- Require indemnification from the vendor for any breach of the contract (including confidentiality) not only by the vendor, but by any of the vendor’s subcontractors or entities to which the subcontractor may send information.
- Consider whether you wish to place restrictions on the subcontractors that a vendor may use, e.g., explicitly require that any of a vendor’s subcontractors receiving medical information be physically located in the United States, and to explicitly prohibit any subcontractors from themselves sending any of the hospital’s information outside of the United States.
- Consider whether you want to use a medical transcription company that subcontracts ANY work at all. Many transcription companies (those using subcontractors) will tell you that there is a shortage of transcriptionists in the United States. Yet one successful transcription company, Silent Type in New Jersey, not only has no shortage of U.S. transcriptionists; it has transcriptionists on a waiting list to work with this company. The secret, according to owner Marilyn Trapani, is to offer the transcriptionists full time employment with benefits, give them responsibility for only one client to allow a familiarity and comfort level to develop with that client’s physician and transcription needs, and give them incentives for meeting high performance standards.
- Consider whether the transcription company is making any investment to obtain and retain your hospital as a customer. Is it purchasing computers and equipment for use on your account, or is it simply subcontracting all work out and keeping a percentage of the fee for itself as profit? This will give you a clue as to how much your transcription vendor values its relationship with you, and how carefully you should review the other contract terms.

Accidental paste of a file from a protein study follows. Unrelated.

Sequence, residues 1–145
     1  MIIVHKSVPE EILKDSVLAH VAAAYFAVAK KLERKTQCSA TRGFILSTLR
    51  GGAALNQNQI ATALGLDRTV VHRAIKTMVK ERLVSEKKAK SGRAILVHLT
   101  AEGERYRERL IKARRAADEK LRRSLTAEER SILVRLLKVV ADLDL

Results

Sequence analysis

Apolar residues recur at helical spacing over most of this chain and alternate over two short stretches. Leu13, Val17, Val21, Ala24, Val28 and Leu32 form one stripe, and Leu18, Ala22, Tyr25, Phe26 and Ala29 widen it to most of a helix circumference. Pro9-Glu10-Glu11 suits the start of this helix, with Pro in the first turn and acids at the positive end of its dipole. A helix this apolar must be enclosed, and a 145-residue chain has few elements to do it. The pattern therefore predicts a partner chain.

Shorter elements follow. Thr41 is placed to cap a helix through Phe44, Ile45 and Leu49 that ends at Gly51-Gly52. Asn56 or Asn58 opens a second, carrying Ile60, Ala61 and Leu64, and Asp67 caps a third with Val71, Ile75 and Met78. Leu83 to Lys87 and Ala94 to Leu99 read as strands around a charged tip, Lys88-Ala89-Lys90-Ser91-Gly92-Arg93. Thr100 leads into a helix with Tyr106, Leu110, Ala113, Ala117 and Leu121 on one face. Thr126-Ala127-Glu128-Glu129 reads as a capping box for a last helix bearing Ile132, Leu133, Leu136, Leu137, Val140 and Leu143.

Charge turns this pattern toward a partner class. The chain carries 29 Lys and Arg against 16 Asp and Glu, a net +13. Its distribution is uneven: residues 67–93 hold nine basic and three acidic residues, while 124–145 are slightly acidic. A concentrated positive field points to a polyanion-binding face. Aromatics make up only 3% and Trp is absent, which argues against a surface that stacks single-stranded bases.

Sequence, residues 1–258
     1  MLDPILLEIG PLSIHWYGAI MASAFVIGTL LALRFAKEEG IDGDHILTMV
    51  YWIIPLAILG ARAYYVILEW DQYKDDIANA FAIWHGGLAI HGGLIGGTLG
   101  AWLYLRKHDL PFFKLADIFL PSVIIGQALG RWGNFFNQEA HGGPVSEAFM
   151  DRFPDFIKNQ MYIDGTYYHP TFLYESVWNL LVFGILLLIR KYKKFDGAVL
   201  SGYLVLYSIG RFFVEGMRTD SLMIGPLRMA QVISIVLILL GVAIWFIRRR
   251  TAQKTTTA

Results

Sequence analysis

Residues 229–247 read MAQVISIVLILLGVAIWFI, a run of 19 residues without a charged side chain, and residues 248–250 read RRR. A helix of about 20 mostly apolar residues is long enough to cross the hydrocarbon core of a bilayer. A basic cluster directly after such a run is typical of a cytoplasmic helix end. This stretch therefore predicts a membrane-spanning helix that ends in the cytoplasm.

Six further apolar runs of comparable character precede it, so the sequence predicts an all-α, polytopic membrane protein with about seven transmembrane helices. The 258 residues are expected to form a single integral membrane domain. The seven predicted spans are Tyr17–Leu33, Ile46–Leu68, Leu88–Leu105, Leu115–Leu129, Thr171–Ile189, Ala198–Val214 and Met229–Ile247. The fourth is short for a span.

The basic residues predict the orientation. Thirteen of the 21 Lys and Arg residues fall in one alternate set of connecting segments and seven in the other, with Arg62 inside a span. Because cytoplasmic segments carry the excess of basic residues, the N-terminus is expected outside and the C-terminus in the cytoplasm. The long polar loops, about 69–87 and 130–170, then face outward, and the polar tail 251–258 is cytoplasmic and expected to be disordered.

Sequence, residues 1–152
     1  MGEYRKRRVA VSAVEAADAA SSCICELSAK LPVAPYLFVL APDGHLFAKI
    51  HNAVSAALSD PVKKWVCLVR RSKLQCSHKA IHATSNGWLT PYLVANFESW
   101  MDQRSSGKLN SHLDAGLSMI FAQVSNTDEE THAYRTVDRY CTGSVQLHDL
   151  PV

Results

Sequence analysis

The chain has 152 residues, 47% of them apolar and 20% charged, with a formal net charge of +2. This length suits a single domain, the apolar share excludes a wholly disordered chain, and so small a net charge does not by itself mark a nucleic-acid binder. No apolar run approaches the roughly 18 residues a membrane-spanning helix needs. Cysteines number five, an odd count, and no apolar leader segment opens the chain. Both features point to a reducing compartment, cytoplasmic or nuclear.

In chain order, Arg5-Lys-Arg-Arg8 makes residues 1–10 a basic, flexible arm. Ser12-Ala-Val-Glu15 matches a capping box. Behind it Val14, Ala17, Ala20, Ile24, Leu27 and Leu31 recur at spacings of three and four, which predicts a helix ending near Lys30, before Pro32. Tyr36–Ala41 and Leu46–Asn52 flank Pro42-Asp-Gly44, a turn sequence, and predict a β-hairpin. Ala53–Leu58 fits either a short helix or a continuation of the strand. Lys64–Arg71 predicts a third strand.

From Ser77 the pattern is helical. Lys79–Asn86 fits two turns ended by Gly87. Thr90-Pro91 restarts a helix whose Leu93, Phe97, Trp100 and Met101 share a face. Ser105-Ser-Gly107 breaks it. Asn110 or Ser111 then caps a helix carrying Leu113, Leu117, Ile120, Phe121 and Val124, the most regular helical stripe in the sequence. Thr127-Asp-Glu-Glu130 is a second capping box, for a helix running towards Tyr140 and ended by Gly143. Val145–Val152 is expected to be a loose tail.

- Ensure that you protect your institution by including specific performance standards in the contract. These should include turn-around time, error rate, and template consistency (so that the documents follow a certain standard form). Not only are written performance standards important to give you the ability to terminate the contract if they are not met, they also can help you consider whether choice of this vendor comes with hidden costs. Although the vendor may appear to be less costly than another, does the high error rate require you to allocate time from other employees to review, edit and correct the work?
- Training staff regarding confidentiality – HIPAA requires that all persons with access to personal health information receive training regarding the confidentiality requirements of the law. In addition, laws in some states, such as New York’s AIDS Confidentiality Law, require training of staff as to the confidentiality of certain information. It is much easier to place the burden of training on the transcription company than the hospital.